Initially the school had to phone Watterson two to three times a day to intervene with James. Now it's maybe once a month, she says.
"Having the therapy team being able to meet with school has been key," she says. "Everyone uses the same rules and rewards for consistency."
James is making friends and has a grade-level vocabulary. He's able to go a theater and sit through an entire movie.
"At a funeral recently we saw a family member we hadn't seen for years and she said, 'James is autistic, right? He must be pretty high functioning,'" says Watterson, laughing.
Watterson has been able to return to full-time work and sees a day when James will no longer need therapy.
"It's changed his life. It's changed the course of his life," she says. "I feel he can do anything he puts his mind to." About the pilot programs
Thirty-four states require health insurance companies to cover autism services. Utah's autism community has been pushing for a similar mandate, but got three experimental "lottery" programs instead. They will end in June if lawmakers don't pass HB88, a bill to permanently extend them.
The Medicaid pilot served more than 300 children, ages 2 through 6.
The Utah Department of Health managed an Autism Treatment Account, which supported care for 35 kids, ages 2 through 6, with money from the state, Zions Bank and Intermountain Healthcare.
The Public Employees' Benefit and Insurance Program covered 23 children, ages 2 to 7, whose parents work for state or local government.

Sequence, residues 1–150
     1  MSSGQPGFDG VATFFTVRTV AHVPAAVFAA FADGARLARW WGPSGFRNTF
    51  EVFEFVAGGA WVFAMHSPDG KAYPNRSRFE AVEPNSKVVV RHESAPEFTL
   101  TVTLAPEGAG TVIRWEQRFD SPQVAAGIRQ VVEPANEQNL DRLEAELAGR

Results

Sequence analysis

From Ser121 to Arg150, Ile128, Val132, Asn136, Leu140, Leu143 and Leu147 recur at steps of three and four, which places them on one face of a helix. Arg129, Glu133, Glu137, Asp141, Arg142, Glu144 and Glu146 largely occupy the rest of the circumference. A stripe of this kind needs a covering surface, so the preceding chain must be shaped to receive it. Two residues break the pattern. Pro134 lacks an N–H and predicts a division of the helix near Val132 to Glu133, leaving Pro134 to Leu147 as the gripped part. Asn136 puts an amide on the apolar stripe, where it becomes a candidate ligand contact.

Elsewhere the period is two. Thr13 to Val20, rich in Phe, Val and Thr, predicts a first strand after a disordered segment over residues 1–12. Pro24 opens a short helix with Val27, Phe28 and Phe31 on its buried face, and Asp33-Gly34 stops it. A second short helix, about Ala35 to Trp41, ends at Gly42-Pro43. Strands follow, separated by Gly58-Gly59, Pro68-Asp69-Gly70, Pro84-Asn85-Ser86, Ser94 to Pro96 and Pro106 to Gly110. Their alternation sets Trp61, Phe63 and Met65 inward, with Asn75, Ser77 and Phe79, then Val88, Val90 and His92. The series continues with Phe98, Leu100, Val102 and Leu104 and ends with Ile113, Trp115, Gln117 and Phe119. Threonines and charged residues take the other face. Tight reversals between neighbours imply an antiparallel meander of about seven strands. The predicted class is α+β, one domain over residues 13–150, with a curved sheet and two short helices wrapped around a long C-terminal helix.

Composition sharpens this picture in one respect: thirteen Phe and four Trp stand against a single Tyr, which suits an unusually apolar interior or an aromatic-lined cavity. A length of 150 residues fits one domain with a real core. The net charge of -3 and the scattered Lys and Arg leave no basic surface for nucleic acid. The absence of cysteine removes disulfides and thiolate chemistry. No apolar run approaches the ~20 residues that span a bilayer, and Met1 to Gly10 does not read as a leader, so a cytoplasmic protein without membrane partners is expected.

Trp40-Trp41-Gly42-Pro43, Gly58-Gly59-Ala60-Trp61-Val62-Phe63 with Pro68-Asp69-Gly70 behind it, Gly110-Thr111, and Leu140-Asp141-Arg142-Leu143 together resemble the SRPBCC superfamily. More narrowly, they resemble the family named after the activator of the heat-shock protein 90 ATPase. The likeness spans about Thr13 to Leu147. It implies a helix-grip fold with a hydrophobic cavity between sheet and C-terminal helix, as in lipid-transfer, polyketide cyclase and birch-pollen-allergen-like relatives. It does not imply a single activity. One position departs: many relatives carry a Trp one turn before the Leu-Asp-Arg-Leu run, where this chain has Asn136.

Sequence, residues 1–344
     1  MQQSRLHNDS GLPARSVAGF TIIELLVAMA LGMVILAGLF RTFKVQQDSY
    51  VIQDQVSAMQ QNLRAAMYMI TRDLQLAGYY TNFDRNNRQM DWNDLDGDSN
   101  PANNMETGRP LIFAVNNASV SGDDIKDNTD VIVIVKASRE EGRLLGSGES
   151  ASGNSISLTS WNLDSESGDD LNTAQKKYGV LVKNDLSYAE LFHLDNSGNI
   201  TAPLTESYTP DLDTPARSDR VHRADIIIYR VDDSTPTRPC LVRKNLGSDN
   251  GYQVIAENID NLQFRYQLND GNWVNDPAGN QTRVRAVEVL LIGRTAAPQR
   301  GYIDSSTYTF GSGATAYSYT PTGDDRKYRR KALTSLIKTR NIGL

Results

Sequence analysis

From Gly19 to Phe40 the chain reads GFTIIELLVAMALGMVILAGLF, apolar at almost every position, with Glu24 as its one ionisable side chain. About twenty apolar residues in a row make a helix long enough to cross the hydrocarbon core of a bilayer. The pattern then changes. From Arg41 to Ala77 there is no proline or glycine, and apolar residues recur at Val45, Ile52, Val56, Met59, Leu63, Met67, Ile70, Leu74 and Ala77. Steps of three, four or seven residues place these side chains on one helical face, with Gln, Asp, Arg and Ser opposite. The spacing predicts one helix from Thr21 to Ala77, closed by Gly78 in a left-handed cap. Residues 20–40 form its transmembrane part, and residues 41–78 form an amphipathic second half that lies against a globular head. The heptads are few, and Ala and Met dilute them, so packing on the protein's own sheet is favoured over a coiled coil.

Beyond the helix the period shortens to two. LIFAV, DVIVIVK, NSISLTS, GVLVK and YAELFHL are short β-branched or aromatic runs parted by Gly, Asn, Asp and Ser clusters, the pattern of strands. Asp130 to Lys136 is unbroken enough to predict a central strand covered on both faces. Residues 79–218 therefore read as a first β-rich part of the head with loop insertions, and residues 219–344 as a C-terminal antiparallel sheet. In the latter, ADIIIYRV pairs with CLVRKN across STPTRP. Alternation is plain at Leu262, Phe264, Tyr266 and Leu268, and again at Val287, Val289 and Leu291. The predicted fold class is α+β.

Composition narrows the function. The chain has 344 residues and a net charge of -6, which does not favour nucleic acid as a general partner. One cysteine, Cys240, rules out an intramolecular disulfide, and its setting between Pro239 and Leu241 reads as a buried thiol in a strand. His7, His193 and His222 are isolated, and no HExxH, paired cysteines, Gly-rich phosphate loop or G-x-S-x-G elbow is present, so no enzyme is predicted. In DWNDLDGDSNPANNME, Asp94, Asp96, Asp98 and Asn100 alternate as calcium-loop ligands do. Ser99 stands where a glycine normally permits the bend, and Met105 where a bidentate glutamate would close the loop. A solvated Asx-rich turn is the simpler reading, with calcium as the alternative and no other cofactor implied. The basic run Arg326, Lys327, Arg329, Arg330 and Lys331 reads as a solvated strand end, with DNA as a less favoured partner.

Children in the Medicaid pilot were evaluated at the start of therapy and after six months, to gauge their mastery of age-appropriate skills in areas such as listening, speech, written language and math. The children entering the program had mastered an average of 64 of 170 skills. After six months of therapy they had mastered 90.
Children covered by the treatment account were tested at the six-month mark using a different tool and doubled their scores in communication, socialization, adaptive behaviors and daily living and social skills. Parents were surveyed and 87 percent of them said their child's language had improved or greatly improved. All of them said their child's behavior had improved or greatly improved.
The annual cost to provide families in the Medicaid pilot seven hours of ABA therapy a week, respite care and financial management services was $14,436. State health officials recommend 10 hours of therapy weekly and project future annual costs to be $21,500 per enrollee.
Alternatives to ABA?
In the face of years of scientific evidence and early results from Utah's pilot programs, most state lawmakers have stopped questioning the merits of Applied Behavior Analysis (ABA).
They remain concerned about its high price, however, giving leverage to a vocal minority of autistic adults who have begun questioning the ethics of treatments that seek to mitigate autistic behaviors, such as hand flapping or an inability to make eye contact.
They advocate instead for "relational" therapies that focus more on developing social coping skills than drumming out non-mainstream behaviors.
Health officials considered adding those emerging treatments to the pilot and will reconsider them as the science behind them matures, says Hales.
But for now they're deferring to the National Autism Center's National Standards Project. which classified ABA as the only "established" treatment.
"You don't want to do harm and you don't want to do something that isn't effective," Hales said.
Join us for a Trib Talk
O On Monday at 12:15 p.m. Rep. Ronda Menlove; Jon Owen with Utah Autism Coalition; and Tribune health reporter Kirsten Stewart join Jennifer Napier-Pearce for a live video chat about the autism lottery and the prospect of requiring insurers to cover treatment for the disorder that affects one in 47 Utah kids.